Beer Billionaire Yuengling Blasted for Right-to-Work Support


November 22, 2013

Dick Yuengling, president of the nation’s oldest brewery, has rarely kept his contempt for unions under wraps.  In 2006, he supported a move by workers in his Pottsville, Pa., brewery to decertify their Teamsters bargaining unit.


 If that wasn’t enough, Yuengling, who has threatened to shut down and move his brewing operations if corporate taxes are not lowered,  is now using his money and influence to lobby Gov. Tom Corbett to support the passage of a right-to-work law in the state legislature.

On Nov. 9, 400 union members and supporters rallied one block from Yuengling Brewing Co. in Pottsville to call attention to the damage that would be done to the state’s economy if right-to-work legislation is passed. They then marched to the Schuykill County Courthouse. The protest was widely covered in the local news media.

“We are not going to apologize for making a decent wage, having health care and a pension, much like many of our legislators have,“ Scott Heitzman, business manager of Shamokin Local 607, told  Heitzman helped organize the rally as part of the Schuylkill County Building and Construction Trades. Fifteen Local 607 members were in attendance.

After chanting, “Organize, don’t fool around, Pottsville is a union town,” and “Union town, through and through, you for me and me for you,” participants listened to speakers including union leaders and elected representatives, reported the Republican Herald.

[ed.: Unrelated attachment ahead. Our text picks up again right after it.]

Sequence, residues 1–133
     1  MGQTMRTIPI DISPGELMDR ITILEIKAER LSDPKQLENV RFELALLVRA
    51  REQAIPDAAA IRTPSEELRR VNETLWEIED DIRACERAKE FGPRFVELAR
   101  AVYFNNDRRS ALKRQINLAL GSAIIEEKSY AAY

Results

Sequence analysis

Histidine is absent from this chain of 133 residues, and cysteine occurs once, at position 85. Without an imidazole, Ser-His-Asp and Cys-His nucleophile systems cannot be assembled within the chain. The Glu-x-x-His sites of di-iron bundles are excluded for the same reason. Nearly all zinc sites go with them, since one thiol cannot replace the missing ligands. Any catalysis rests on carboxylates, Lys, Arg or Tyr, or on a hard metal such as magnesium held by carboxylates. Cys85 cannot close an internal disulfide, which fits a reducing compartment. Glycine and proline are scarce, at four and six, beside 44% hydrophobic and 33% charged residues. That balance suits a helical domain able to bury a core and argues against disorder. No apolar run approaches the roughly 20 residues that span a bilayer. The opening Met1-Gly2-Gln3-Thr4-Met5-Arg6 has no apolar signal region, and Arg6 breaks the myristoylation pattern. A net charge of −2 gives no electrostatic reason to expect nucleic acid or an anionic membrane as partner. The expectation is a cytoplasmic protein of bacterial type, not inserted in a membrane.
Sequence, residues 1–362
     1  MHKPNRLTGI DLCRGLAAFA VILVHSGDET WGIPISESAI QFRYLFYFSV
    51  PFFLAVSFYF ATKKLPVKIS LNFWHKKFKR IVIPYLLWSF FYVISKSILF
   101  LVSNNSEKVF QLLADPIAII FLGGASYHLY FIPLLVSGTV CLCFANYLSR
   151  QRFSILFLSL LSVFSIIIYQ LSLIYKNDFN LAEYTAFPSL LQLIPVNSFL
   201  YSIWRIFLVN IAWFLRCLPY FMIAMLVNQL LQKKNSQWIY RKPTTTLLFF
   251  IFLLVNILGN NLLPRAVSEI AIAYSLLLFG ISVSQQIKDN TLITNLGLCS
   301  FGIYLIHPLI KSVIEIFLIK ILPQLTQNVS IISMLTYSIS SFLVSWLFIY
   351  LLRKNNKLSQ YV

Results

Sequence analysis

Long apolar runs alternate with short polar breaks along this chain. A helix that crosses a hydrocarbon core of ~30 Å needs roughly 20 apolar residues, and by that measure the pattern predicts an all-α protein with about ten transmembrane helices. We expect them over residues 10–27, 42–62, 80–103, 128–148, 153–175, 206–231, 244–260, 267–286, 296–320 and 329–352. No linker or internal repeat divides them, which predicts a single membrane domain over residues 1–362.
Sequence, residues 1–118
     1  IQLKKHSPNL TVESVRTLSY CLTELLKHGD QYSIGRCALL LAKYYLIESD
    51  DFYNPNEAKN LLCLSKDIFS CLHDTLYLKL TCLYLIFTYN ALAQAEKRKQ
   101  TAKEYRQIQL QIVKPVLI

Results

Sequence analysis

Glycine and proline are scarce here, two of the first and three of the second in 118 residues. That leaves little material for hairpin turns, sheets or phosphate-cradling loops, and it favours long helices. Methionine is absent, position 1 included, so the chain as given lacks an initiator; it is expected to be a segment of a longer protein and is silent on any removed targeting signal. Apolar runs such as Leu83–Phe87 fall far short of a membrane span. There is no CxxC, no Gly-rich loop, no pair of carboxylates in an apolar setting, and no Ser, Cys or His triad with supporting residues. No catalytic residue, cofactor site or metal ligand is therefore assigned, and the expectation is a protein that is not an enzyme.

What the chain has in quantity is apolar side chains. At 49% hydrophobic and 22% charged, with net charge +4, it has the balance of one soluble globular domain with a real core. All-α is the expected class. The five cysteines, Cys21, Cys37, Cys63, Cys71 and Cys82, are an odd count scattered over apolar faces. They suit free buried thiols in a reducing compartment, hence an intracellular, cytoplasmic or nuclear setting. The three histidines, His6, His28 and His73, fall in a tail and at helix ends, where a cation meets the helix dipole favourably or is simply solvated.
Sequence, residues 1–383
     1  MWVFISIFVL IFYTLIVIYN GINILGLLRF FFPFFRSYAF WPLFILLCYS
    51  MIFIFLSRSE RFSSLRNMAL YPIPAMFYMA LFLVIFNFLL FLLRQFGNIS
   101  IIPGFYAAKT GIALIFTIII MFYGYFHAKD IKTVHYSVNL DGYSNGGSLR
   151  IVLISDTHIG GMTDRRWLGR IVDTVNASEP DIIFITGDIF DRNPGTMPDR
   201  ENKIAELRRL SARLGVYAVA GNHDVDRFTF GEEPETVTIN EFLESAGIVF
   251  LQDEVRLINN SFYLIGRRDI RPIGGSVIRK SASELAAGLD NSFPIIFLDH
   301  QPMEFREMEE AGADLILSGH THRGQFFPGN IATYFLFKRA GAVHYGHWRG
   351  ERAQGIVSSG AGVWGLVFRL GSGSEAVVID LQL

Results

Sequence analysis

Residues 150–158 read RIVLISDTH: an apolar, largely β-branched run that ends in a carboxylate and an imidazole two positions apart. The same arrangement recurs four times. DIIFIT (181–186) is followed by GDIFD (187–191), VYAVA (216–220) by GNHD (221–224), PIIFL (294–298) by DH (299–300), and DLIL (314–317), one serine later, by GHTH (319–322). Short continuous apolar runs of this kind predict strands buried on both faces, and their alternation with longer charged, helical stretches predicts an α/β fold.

“We can’t afford [right-to-work] in Pennsylvania,” Edward Pawlowski, mayor of Allentown, told those assembled. “Small businesses in the commonwealth depend on the dollars spent by those who make good, family-sustaining wages. Without these wages,  that money could be dragged out of our communities. It could kill our local economies. It’s a morally bankrupt position.”

Focusing on Dick Yuengling as a symbol of corporate greed, Heitzman says that workers in Pottsville are angry that he is outspoken in wanting to undermine the rights of the very people who built his family’s wealth.  “All the family’s money was made selling beer to coal miners and other union members.” Heitzman told  

If Yuengling’s worth, said to be more than $1 billion, was laid out end-to-end in $100 bills, says Heitzman, it would spread over 1,250 miles.  “How many more miles does he need?” he asks.

With many of his local union members out of work, Heitzman says it’s important to oppose dead-end solutions like right-to-work to revive the state and the nation’s economy.  Local 607 is promoting the skills and safety of its members. Those attributes would be in jeopardy if Yuengling and others succeed in silencing and weakening unions with right-to-work, said Tim Seip, a former state rep. who attended the rally.

“It’s going to make our workplaces less safe, less efficient and less competitive with overseas jobs,” said Seip



Photo credit: Commonwealth Citizens Against Yuengling